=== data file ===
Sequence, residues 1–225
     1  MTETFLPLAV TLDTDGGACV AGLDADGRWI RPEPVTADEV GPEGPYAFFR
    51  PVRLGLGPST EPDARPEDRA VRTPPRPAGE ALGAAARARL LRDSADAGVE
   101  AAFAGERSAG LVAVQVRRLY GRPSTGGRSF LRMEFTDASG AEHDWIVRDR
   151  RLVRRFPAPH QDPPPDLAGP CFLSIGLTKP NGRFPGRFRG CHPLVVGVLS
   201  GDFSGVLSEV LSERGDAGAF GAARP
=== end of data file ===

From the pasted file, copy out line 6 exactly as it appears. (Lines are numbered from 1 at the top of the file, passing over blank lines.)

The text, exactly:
   201  GDFSGVLSEV LSERGDAGAF GAARP